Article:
They now host weddings in the large courtyard outside as a way to maintain the costs of the house, as all the electrical, plumbing and kitchen is fully functional.
And if you don’t have time to visit the National Mayan Museum, I would recommend stopping in at Palacio Canton, which is now home to the Regional Museum of Anthropology and hosts a wide collection of Mayan artifacts.
18. Take a Traditional Yucatean Cooking Class
After your first meal in Mérida you will be transported to flavor town and will want to eat non stop! After trying a few different regional dishes (and likely some of the best food you have ever tasted), take a cooking class so you can recreate your favorites at home!
In this half day tour you will be brought to a local market (with few tourists) to purchase fresh ingredients for your class.
Then, you will be brought into your hosts’ home, where you prepare a few dishes and learn about the Yucatean and Mayan cuisine, and you get to take the recipes home with you.
Best Things to Eat and Food to try in Merida Mexico
In Mérida, not only will you find tasty authentic Mexican food, they take it one step further and have traditional Yucatean cuisine. It is some of the most flavorful, fresh food I’ve ever enjoyed.
On my next trip to Mérida I will definitely be eating my way through this city!
19. Indulge in Local Yucatean Cuisine
Sopa de Lima (Lime Soup)
This is a must try dish. I recommend ordering it early on in your trip, because you will probably want it with every meal after you try it!
We had delcious Sopa de Lima at El Trapiche and Chaya Maya. I could hazard a guess that it’s tasty and flavorful anywhere you order it. I’ve also heard it’s good at Manjar Blanco.
A simple turkey broth with a twist of lime, shredded turkey, peppers and tortilla chips. Amazing!
This is the most famous Yucatean dish you will see on menus and for good reason. It is pork that is flattened out and then marinated in a soured orange or citrus juice and then grilled on an open fire.
Then it is served with refried beans, picked vegetables, rice, grilled tomatoes, avocado and fresh tortillas.
I had the Poc Chuc at the Chaya Maya, which you will probably read on other blogs is the place to eat in Mérida (that’s why we went there). While it was tasty and they have a cute outdoor courtyard, we had to wait over 30 minutes for a table.
If you’re not a pork fan though, most places will serve chicken as well.
The next night, we stumbled upon Espaciales Maya, only 2 blocks away and it was incredible. Pretty much the same food at the Chaya Maya, no wait to get in and it was cheaper.
We even got to sit in the courtyard this time, as at the CM, there are only a few tables outside, so you only get one if you’re lucky. We had our favorite dinner of the trip at this restaurant.
You will always find gelato in Mexico, and Mérida is no different. Visit Pola Gelato for some of the most unique flavors!
I had cardamom gelato and it was great. Should have went back the next day and tried the blue cheese and apple or the red wine with chocolate and chili (yes these were some of the flavors)!
These are found on street food carts, and Chris and I dubbed them the best ‘drunk people snack’ in the Yucatan.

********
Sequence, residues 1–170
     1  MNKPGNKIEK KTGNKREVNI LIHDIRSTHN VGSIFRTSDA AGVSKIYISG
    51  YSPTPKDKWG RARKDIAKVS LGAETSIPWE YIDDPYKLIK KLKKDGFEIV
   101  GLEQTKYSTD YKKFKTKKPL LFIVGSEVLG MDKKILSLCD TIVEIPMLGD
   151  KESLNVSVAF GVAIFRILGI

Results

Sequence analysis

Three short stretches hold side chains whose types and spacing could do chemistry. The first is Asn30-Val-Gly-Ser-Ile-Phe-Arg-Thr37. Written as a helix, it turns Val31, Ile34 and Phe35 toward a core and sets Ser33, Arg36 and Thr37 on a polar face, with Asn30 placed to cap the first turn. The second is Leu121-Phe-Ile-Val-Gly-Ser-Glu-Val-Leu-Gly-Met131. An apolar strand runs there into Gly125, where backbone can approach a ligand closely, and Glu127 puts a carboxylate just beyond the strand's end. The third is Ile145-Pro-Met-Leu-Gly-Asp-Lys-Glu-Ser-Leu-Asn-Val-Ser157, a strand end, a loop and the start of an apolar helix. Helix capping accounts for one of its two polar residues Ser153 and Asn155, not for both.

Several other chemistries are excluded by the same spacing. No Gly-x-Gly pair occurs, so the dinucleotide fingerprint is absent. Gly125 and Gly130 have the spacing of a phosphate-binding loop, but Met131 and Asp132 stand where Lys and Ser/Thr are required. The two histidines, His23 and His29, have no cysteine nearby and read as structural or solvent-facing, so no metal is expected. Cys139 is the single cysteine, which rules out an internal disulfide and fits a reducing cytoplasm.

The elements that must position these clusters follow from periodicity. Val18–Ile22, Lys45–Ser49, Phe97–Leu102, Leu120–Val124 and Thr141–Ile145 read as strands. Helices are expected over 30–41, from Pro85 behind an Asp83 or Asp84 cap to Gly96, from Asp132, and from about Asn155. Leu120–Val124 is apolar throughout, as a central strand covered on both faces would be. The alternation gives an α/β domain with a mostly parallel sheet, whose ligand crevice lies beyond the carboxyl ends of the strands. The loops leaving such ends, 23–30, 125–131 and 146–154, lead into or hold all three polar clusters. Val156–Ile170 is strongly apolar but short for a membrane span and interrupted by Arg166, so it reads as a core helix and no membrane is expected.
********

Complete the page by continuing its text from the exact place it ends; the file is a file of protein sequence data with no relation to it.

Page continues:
When everyone leaves the restaurants and the squares around 10 or 11pm, there are dozens of marquesitas carts that come out to feed everyone!
It’s basically a thin, crunchy crepe (thin, flat pancake) that you can fill with different types of spreads or sauces. I had a mix of cream cheese and Nutella and Chris had straight queso (cheese)!
20. Experience a Cantina
One of the coolest parts about visiting Mérida, Mexico is for happy hour at one of the local cantinas! They are everywhere in the centro, but one of the most popular ones is La Negrita.
Complete with entering via saloon swing doors, they serve all kinds of beverages and light fare.
However, part of the cantina experience is that as long as you’re ordering drinks, they bring you free food to snack on! Popcorn with hot sauce, grilled tortillas and sauce, etc.
Eladios is supposed to be another good cantina but we didn’t get a chance to make it there on this trip.
Day Trips From Mérida
Mérida, Mexico is a great hub for day trips to see and experience some of the best attractions of the Yucatan.
However, if you are staying in the downtown, it will likely take a minimum of one-hour to get to attractions outside of the city.
If you are planning any excursions or day trips, just know they will be a full day or at least an entire afternoon to accommodate for travel time.
21. Visit the Best Cenotes of Mexico
While there are defintely some great cenotes close to Cancún and Tulum, Mérida is closer to the highest concentration of cenotes in Mexico.
If you grab a map from any of the tourist information offices, you will notice that Mérida is surrounded by the Cenote Zone, or a half-moon formation that surrounds the area full of cenotes.
This is the perimeter of the crater caused by the massive meteorite that crashed into the Yucatan Peninsula that is believed to have killed the dinosaurs.
Cenotes are freshwater pools located hundreds of feet underground and are all connected through the subterranean river system.
These natural phenomenon are found nowhere else in the world and were considered the entrance to the underworld to the Indigenous Mayan people thousands of years ago.
Each cenote is unique – some appear to be massive sinkholes, others are more cave-like where you enter through a narrow hole in the ground.